Stricter rules proposed on Swedish parental leave
10 Apr 2005, 12:08
Published: 10 Apr 2005 12:08 GMT+02:00
The government's investigator, Karl-Petter Thorwaldsson, says the changes are needed to improve women's conditions on the job market.
"The big risk with parental leave is that women become very unattractive because they can be away from work for long periods," Thorwaldsson told Sveriges Radio on Saturday.
"Employers often see women as a big risk, as it may sometimes take fifteen years before they are available for full time work again. It is under these years that the big differences between men's and women's wages arise."
With the existing system, parents have the right to take out 480 days. These may be used until the child has turned 8 or has finished the first school year.
Reforms to Sweden's generous system are being necessitated by a looming case in the European Court, which Sweden is expected to lose. If that happens, any EU citizen who moves to Sweden after having worked for at least 240 days in any country of the union will have the right to Swedish parental insurance.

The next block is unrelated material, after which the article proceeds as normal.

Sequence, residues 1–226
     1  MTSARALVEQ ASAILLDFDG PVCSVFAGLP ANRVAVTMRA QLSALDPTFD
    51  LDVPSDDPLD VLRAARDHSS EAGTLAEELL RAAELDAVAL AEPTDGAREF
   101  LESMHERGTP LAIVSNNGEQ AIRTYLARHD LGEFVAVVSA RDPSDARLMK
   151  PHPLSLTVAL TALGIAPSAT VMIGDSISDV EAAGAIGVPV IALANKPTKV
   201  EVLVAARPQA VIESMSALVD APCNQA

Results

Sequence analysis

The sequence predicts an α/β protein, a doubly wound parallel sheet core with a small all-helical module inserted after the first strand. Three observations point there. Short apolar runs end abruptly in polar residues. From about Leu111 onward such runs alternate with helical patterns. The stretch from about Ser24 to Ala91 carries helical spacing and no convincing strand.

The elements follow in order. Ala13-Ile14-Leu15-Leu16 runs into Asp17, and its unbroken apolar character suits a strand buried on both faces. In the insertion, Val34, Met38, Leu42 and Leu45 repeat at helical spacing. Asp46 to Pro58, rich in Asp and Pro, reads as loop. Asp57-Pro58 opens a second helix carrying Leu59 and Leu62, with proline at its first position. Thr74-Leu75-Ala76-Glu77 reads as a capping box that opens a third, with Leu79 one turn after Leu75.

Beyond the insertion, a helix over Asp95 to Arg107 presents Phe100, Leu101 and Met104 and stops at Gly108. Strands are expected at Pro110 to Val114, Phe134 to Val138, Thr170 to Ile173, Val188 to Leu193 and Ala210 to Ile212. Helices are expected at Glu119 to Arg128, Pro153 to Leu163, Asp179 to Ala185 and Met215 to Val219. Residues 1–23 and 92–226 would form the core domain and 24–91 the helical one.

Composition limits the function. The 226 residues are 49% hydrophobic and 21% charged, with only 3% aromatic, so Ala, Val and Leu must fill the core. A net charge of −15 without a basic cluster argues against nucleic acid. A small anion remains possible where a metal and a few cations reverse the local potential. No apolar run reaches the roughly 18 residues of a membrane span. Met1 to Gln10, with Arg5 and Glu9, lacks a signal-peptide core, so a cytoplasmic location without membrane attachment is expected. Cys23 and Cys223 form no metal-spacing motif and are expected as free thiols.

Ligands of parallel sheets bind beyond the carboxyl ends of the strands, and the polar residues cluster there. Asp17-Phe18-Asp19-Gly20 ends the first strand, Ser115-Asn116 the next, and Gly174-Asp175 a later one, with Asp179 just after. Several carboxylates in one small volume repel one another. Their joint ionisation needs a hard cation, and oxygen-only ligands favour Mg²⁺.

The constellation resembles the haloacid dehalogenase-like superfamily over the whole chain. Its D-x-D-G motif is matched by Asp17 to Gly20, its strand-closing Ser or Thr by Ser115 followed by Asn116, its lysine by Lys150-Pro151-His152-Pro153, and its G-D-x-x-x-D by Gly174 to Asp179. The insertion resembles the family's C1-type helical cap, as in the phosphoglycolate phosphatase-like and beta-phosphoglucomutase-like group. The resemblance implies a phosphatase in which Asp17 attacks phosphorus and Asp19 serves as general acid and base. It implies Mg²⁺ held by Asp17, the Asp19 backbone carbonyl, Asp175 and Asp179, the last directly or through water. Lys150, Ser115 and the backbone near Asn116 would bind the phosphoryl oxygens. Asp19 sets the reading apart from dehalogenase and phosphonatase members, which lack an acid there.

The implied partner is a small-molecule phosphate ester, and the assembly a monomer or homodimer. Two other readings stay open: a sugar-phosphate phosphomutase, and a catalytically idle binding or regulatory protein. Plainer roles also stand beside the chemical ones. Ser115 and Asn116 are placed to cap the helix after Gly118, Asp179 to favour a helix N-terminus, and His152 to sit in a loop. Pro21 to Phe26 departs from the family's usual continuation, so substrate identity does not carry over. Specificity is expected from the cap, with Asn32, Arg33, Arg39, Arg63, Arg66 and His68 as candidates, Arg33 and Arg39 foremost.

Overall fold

"If we can reduce the risk of other EU citizens making use of Swedish parental insurance, then that is a positive outcome" said Thorwaldsson.
Dagens Nyheter writes that Thorwaldsson also wants to encourage parents of young children to work full-time. Parents would, according to his proposal, have a chance of taking an extra ten days off work a year until the child has turned ten. During the first two days, they would receive 80 percent of their wages, and other days they would get nothing.
"These days are intended to be used when school and day-care are closed. I also want each parent to have two contact days per child and year," said Thorwaldsson to DN.
Ninety-seven percent of parents take out their parental leave before the child turns four. When they have used up their parental leave entitlement, parents are still able to stay at home with their children during school holidays. They are currently entitled to receive 60 kronor per day for a maximum of 90 days per year. Thorwaldsson argues that the right to this money should be abolished.
Thorwaldsson's proposal will be formally presented in September.